A Country-Chic Wedding on a Private Estate in Fergus Falls, Minnesota

Oriana Zens (29 and a graphic designer) and Adam Nelson (30 and in finance) hung out in high school, but they didn’t realize they had feelings for eac

Oriana Zens (29 and a graphic designer) and Adam Nelson (30 and in finance) hung out in high school, but they didn’t realize they had feelings for each other until they were in college. They dated long-distance (Adam was at Yale in Connecticut; Oriana was at the University of Wisconsin in Madison), broke up after college, then gave their relationship another try when he was in Denver, Colorado, and she was in St. Paul, Minnesota. “We finally both moved to Chicago, where we discovered that living in the same city was so much better than weekend visits and plane tickets,” she says. Chicago quickly became their city, yet Minnesota—where their families live—has special meaning to them both: It's where they grew up, it's where they met, and it's where Adam proposed. He went to great lengths to make the winter proposal memorable by setting up a tent on a frozen lake on his parents’ property (complete with cozy blankets and pillows, fancy hors d'oeuvres and a bottle of champagne inside; and a bonfire outside), then played along when Oriana wondered what the deal was with the tent on the lake. When the couple made it to the tent, Adam got down on one knee and asked her to be his wife, she said yes, and fireworks lit up the sky. Shortly afterward, family members showed up to help the couple celebrate. Fast-forward to that fall, and the couple were married at Oriana's childhood church and had their reception—for 450 guests—in a beautiful, newly built horse barn and riding arena overlooking the same lake where Adam had proposed nine months earlier. Oriana's great eye for design and sense of style helped transform the space into one exuding a country-chic vibe with a touch of sparkle and glam. A live band, horses, and a fireworks show and sparkler send-off provided entertainment throughout the evening. "Our wedding was the facility's first big reveal and will always be the first memory of the place," she says. "It's been special to relive that day every time we go home and every time we walk into that barn and arena." Plus, she adds, other than the special connection they have to the property, it was also the only facility within 60 miles that could accommodate all their guests. —Chrissy Sorenson

The invitations set the tone for a green and gold theme with a hint of sparkle to give it a "glamorous feel." Oriana is a graphic designer but didn't want the extra pressure of designing her own wedding invitations. "It was a huge relief and weight off my shoulders" to have someone else design them, she says.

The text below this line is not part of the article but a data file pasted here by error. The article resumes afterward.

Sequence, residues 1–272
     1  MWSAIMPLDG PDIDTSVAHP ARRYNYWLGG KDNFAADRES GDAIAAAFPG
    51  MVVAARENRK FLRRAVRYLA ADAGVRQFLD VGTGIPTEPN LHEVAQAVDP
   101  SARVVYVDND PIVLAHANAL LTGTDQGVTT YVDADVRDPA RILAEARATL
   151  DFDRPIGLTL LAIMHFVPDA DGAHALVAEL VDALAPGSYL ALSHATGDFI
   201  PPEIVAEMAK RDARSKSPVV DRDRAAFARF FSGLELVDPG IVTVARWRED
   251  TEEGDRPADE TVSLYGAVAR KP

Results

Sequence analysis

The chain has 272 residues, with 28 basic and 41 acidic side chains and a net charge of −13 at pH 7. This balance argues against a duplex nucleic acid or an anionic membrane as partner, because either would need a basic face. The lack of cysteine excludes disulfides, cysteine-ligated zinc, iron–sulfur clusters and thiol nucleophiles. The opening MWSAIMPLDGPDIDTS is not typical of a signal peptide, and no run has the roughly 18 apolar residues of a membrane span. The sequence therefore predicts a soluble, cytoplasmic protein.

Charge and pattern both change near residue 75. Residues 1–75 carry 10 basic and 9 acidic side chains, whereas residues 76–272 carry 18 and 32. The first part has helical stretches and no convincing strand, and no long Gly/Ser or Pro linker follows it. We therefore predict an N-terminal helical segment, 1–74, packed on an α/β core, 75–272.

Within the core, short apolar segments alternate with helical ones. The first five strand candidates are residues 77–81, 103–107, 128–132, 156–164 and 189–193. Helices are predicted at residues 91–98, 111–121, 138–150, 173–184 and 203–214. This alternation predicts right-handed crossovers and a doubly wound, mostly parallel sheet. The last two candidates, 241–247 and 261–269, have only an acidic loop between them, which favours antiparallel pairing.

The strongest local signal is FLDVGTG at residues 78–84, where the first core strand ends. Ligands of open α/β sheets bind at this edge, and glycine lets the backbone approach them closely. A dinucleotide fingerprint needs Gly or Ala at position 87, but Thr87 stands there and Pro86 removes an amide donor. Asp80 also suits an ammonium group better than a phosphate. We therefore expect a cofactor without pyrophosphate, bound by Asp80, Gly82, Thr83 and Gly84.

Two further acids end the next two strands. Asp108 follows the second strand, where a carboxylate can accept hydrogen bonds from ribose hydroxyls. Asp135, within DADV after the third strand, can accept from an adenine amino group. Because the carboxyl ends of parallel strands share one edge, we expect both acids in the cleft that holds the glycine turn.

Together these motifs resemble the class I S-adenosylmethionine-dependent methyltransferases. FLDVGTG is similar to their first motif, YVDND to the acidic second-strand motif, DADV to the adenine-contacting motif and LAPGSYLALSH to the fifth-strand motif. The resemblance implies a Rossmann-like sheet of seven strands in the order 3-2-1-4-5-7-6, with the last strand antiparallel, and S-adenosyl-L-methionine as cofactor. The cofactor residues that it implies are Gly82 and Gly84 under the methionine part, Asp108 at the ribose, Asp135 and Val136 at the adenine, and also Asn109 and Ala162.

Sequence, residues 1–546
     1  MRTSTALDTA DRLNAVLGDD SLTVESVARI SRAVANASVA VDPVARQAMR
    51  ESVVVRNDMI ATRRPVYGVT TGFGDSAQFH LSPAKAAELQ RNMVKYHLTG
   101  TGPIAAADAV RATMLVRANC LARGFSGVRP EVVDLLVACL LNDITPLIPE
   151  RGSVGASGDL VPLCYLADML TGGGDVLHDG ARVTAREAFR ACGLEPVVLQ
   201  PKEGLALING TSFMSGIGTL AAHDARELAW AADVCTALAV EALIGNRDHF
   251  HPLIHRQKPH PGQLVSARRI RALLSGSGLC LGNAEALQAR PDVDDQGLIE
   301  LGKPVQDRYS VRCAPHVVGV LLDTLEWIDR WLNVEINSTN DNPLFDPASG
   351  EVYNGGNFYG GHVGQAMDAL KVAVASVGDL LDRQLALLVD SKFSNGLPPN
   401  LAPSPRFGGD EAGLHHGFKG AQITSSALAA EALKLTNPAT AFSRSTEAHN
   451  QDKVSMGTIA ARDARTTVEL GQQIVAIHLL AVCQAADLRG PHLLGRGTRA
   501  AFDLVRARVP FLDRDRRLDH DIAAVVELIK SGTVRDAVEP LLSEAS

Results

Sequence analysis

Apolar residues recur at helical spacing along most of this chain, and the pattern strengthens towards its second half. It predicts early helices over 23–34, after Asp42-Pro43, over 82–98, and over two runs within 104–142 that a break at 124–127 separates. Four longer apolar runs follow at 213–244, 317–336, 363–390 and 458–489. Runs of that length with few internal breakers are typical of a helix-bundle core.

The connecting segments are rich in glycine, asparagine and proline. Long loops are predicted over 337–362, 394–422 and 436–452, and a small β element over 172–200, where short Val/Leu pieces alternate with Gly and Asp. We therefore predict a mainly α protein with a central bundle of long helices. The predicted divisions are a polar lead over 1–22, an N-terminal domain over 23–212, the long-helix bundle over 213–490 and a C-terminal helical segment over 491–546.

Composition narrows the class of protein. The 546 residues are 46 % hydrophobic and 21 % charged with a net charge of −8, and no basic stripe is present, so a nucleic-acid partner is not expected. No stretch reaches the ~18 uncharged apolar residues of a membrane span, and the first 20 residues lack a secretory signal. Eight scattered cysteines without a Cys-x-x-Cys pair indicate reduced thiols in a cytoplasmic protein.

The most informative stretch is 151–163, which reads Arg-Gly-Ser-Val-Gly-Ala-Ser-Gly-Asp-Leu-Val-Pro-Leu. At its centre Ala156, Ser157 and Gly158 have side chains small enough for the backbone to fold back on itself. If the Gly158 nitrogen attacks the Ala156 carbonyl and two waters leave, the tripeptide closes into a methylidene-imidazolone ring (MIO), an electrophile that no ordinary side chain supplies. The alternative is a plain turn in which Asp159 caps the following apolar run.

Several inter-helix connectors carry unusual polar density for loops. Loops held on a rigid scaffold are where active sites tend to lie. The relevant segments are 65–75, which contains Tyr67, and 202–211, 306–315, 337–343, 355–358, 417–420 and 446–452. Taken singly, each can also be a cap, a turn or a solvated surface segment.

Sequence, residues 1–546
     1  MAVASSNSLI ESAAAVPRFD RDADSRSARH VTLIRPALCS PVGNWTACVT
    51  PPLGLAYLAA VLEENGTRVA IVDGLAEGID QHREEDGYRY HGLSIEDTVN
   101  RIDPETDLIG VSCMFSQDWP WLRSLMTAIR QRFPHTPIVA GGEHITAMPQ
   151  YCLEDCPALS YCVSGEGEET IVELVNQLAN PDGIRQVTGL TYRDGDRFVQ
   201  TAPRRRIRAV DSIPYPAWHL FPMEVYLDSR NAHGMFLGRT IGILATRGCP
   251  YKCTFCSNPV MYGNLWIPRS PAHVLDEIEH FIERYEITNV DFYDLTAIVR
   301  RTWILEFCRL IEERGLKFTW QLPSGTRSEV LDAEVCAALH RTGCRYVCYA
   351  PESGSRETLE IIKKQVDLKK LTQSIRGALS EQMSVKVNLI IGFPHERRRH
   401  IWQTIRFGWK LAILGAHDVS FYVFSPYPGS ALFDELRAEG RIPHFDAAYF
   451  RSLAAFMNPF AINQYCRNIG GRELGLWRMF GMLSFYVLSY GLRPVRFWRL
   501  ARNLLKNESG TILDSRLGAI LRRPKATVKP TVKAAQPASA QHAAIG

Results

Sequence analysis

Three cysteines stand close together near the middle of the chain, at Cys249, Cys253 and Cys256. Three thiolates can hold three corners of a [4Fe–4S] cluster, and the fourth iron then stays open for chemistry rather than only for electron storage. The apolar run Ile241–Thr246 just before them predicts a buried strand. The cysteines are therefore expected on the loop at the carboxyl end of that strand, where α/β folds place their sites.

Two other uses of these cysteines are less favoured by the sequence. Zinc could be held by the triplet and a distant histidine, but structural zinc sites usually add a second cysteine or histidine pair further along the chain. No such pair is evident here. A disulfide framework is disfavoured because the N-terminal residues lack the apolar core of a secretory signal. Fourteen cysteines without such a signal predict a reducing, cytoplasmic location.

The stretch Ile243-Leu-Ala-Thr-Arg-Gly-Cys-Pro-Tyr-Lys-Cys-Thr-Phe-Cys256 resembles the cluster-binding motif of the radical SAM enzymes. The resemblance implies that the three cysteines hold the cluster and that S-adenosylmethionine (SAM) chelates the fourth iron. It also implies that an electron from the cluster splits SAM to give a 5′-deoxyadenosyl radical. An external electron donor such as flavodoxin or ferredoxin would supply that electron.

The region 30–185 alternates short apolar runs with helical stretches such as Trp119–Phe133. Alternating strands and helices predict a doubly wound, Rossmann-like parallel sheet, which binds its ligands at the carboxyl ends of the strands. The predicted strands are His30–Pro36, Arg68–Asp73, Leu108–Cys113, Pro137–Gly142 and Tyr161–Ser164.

"I love doing braids in my hair, and wanted to stay true to my own style," Oriana says of her wedding day hair. She wanted something that "actually looked like me," she says.
When Oriana suggested gray suits for the groom and groomsmen, Adam “had a strong opinion” that the men wear tuxes with ties rather than bow ties. Their boutonnieres were eucalyptus and silver brunia.
“My dress was the hardest thing for me to decide on—I loved too many of them,” Oriana says. “I often joke with my husband that we’ll need vow renewals every five years, so I can buy more dresses.”  She chose a form-fitting Cosmobella gown from Macy's with a low, open back and lace details.
Oriana asked her bridesmaids to wear long gold or champagne dresses. "That was my only instruction," she says. "They looked beautiful together, and I'm so happy I didn't panic or think too much about the colors or styles not blending. Plus, they were all comfortable in the dresses they chose."
The only decorations at the church were two big flower arrangements on each side of the altar. "I wanted the ceremony to be about our marriage and our commitment to each other, rather than about how the church was decorated," she says.
A barn wedding isn't complete without a "just married" sign on the back of a tractor.
In order to get to the arena, where the tables were situated, guests were greeted by horses sticking their heads out the stall doors. “They were everyone’s entertainment,” Oriana says. “I think they were in more photos that night than Adam and I.”
Oriana’s dad built the head table stage, with a 10-foot grapevine wreath and 100 candles hanging from the center.
Fabric was draped over the arena to transform and soften the large steel building. Ten chandelier armatures, decorated with glowing candles, hung over long farm tables on both sides of the aisle.
One of the bridesmaids baked a small cake for the couple, sparsely decorated with greenery and roses. The main dessert was chocolate petits fours, baked by Oriana's mom, who had owned a catering business for 25 years along with Oriana's dad before retiring.
Oriana and her mom made and canned 450 mini jars of jelly to give to guests as favors, an activity that became special bonding time for the mother-daughter duo. The labels said "jam-packed with love."
Oriana and Adam gave tours of the ranch on a tractor.
Oriana and Adam shared their first dance beneath the romantic glow of hanging votives.
Oriana and Adam had to rent everything for their reception, so they used a spreadsheet to keep everything straight for the drivers and trailers dropping off the dance floor, chairs, tables, and bars for 450 guests. It was a lot of work, but the result was stunning.